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Taiwan’s ‘silicon shield’ is cracking as US-China chip war rages

Taiwan’s ‘silicon shield’ is cracking as US-China chip war rages

Taiwan Semiconductor (TSMC) is known as Taiwan’s guardian angel. But this won't always be the case with China forced to catch up, given the US chip curbs.

Credit: Fancycrave

In a recent appearance at the New York Times Dealbook conference, Nvidia CEO Jensen Huang said there are dozens of well-funded companies in China trying to build their own GPUs as an alternative to Nvidia’s now that the US trade rules mean its best GPUs are not available in the country.

For China, these restrictions are an annoyance. But for Taiwan, this is a much bigger problem.

As the world craves advanced semiconductors, the phrase “silicon shield” has entered the political vernacular.

The phrase comes from the belief that China might avoid invading Taiwan to protect its vital semiconductor chip supply – China is Taiwan’s largest trading partner and is wholly reliant on these chips as much as the rest of the world – while Taiwan’s allies, especially the US, the EU, and Japan would defend it to prevent the disruption of TSMC chip production, crucial for both geopolitical and economic reasons.

China may have the military might to pull off an invasion, but Taiwan has the economic importance to make it so painful Beijing would reconsider, the logic goes.

“Restricting China’s access to advanced American technology would just encourage Beijing to use their vast pools of venture capital and brightest minds from institutions to de-couple, akin to a ‘Manhattan Project’ for China,” said Jason Hsu a senior research fellow at Harvard’s Ash Center and former legislator from Taiwan.

US faces formidable competition from China

Recently, Nvidia’s Huang said that Huawei is among the “very formidable” competitors his company has from China.

Hsu sees a crack in Taiwan’s silicon shield, and while he doesn’t believe a cross-strait conflict is likely anytime soon, the tool for deterrence isn’t as strong as it once was.

The US, in Hsu’s opinion, should allow China to use these chips as a calculated risk, one that offers the US strategic insights and a chance to influence China towards peaceful utilisation.

China’s race to develop – and eventually beat – Nvidia at AI chips has some precedence. In 2015, Washington’s move to block Intel from selling Xeon chips to Chinese supercomputer projects added fuel to the fire of Beijing’s efforts to build indigenous processor architectures.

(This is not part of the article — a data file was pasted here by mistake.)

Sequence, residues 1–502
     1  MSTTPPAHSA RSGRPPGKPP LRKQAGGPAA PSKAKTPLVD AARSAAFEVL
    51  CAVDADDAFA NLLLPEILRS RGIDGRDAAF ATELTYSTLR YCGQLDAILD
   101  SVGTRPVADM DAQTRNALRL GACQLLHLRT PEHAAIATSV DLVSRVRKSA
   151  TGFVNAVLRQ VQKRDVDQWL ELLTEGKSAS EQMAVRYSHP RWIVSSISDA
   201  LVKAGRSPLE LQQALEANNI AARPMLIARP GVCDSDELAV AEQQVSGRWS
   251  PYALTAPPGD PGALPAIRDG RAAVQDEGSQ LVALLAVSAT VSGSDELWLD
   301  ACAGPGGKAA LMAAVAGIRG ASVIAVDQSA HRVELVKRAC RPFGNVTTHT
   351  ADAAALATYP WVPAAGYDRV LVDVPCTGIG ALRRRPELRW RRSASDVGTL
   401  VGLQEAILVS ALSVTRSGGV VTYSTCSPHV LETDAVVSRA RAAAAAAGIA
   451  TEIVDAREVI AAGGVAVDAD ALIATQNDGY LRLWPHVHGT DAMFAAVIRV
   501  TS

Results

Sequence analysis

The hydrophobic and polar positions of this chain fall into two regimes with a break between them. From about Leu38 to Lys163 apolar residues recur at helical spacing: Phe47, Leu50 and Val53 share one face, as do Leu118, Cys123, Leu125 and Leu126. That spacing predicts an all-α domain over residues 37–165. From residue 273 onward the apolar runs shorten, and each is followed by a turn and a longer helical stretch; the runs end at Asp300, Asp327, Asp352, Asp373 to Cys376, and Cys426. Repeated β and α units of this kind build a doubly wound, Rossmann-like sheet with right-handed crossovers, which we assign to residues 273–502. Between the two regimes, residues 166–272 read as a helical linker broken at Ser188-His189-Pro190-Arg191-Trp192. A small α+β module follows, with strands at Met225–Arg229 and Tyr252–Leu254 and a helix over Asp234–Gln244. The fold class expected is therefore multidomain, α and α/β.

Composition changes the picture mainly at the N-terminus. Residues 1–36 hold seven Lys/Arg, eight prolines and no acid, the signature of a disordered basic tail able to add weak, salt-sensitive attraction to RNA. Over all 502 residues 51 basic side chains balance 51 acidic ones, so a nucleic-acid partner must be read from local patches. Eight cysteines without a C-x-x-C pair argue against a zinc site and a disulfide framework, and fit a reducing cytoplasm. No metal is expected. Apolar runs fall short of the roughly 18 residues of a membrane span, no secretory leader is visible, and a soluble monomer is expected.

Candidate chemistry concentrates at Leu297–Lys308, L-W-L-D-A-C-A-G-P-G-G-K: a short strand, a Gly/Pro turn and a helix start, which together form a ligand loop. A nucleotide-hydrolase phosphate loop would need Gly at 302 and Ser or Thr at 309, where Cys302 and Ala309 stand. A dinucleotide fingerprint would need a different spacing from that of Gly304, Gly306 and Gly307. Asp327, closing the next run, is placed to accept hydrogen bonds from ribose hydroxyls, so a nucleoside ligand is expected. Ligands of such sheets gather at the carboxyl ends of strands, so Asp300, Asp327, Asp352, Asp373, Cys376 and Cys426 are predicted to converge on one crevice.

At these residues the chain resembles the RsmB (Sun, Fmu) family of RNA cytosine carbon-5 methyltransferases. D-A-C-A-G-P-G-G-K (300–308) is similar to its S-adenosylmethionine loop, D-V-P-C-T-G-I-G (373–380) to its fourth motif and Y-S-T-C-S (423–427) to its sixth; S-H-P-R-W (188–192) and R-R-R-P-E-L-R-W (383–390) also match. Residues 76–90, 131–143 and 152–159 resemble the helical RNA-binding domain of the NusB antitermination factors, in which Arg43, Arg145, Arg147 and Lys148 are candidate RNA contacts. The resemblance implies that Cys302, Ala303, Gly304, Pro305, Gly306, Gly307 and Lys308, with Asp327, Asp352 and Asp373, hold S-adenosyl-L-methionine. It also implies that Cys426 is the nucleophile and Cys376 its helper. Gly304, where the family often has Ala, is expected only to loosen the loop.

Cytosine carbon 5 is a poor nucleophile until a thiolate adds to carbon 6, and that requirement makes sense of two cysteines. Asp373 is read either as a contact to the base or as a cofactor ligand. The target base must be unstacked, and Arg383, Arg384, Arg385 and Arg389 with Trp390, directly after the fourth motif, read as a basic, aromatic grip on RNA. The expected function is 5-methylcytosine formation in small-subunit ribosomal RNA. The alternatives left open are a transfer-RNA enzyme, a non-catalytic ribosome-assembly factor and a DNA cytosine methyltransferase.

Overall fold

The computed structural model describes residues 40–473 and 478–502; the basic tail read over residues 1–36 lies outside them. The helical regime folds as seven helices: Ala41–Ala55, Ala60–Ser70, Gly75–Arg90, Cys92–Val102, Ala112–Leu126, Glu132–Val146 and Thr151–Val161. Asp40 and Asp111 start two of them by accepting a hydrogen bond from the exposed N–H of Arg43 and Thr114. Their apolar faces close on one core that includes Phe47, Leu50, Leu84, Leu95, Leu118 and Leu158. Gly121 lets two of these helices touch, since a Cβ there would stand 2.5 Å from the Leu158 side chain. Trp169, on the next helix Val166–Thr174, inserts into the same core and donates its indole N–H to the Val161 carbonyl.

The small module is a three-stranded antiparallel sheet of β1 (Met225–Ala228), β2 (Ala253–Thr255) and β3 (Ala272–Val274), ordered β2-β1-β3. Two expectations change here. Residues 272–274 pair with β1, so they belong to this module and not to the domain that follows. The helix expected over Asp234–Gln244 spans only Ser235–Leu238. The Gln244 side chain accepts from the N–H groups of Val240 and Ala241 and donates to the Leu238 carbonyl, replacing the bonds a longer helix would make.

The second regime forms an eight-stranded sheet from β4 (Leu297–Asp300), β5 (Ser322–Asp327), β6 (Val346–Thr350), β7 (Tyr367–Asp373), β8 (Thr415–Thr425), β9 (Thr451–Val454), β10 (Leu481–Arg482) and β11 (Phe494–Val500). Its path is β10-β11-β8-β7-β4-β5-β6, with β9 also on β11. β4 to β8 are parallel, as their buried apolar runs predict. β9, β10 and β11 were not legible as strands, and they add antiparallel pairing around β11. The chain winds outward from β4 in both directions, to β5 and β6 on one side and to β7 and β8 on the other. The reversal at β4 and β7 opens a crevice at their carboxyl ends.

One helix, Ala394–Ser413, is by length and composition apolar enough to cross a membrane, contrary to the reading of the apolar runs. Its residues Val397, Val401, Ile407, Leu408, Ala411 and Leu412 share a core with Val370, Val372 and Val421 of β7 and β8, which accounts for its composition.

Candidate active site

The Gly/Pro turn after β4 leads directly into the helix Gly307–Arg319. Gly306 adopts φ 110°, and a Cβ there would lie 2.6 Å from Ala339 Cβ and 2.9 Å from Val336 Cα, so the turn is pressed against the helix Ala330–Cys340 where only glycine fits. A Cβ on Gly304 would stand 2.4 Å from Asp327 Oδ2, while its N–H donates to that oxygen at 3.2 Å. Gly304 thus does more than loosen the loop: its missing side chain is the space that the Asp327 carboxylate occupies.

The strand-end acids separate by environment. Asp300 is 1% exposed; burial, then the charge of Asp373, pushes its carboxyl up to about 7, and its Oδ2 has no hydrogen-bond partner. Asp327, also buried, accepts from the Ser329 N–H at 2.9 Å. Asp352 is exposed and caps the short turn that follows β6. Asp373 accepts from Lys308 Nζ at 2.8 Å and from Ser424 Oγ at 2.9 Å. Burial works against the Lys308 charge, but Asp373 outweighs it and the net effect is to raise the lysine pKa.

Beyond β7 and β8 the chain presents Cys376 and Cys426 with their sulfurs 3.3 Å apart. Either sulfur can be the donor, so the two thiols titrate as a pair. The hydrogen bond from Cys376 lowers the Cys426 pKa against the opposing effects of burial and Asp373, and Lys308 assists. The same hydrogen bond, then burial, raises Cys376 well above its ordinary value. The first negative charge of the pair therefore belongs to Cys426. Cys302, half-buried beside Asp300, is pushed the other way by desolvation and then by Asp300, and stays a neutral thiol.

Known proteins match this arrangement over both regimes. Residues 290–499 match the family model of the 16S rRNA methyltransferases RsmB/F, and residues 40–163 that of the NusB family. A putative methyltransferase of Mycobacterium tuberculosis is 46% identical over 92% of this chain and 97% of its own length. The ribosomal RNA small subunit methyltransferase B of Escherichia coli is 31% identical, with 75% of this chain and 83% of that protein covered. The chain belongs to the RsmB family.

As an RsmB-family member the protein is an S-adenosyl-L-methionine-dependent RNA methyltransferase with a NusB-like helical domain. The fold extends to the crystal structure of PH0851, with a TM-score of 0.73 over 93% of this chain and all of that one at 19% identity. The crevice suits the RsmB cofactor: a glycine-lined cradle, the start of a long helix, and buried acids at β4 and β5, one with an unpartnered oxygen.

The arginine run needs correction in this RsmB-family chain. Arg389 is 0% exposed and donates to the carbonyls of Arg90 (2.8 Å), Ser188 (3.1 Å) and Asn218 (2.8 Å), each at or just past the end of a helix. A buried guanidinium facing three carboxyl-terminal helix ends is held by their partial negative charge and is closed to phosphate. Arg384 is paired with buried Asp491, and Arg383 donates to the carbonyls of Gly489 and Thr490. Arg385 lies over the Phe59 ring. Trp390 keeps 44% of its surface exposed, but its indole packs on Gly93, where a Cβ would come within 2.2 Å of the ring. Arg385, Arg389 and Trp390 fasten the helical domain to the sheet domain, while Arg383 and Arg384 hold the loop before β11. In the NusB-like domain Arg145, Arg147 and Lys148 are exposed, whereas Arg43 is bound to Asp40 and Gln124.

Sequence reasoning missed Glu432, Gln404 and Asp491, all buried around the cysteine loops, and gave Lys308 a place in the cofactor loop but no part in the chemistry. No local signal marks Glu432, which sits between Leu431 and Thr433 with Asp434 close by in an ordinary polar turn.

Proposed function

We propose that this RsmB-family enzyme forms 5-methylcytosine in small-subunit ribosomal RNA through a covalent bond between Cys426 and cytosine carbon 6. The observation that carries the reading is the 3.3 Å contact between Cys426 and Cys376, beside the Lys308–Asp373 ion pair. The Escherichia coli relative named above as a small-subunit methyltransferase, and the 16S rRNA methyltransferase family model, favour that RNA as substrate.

In 2016, China unveiled the world’s fastest supercomputer – all made without US chips.

“Chinese tech standards might dominate emerging markets, projecting their power to countries that rely on their economic or technology support, which potentially undermines American interests,” Hsu noted.

US officials are scheduled to visit Taiwan later in December to explain new chip rules, according to reports, and Taiwan’s economics minister recently reminded local firms to do more to be compliant with these rules.

Hsu would like to see Taiwan have a bigger seat at the table regarding rules around chips, and talks with the US to be bilateral, not unilateral.

“Taiwan’s relationship with the US is not one of dependency but mutual respect and collaboration to ensure security and economic prosperity,” he said.

The right policy response?

As part of bolstering its commitment to keeping core technology out of China’s hands, Taiwan recently unveiled heightened controls on 22 key technologies spanning defense, aerospace, agriculture, semiconductors, and ICT, to prevent technology leaks.

Taiwan first began to strengthen its rules about protecting key technologies from China when in 2021, crypto mining giant Bitmain set up front companies in Taiwan to poach talent

Economy Minister Wang Mei-hua said on Wednesday that this list shouldn’t impact chip companies’ business, and “aims to ensure national security and industrial competitiveness.”

But that might be because the policy is misguided, as it covers many industries – including aerospace and satellites – where Taiwan isn’t internationally competitive, and, ironically, China has an advantage, explained Paul Huang, an independent defense analyst and a visiting fellow at Harvard University.

“Taiwan is seriously lagging on almost all the items on this ‘critical technologies’ list saved for the two related to semiconductor fabrication and integration,” Huang said. “All the listed technologies related to space are the ones China is leading Taiwan by decades, and the gaps between their practical level of development are night and day.”

Huang questioned how relevant this would be as an enforcement mechanism when it seems so unfocused.

“It begs the question of who were the officials in these respective departments that compiled such list, and if they were genuinely ignorant of the technologies involved,” he said.


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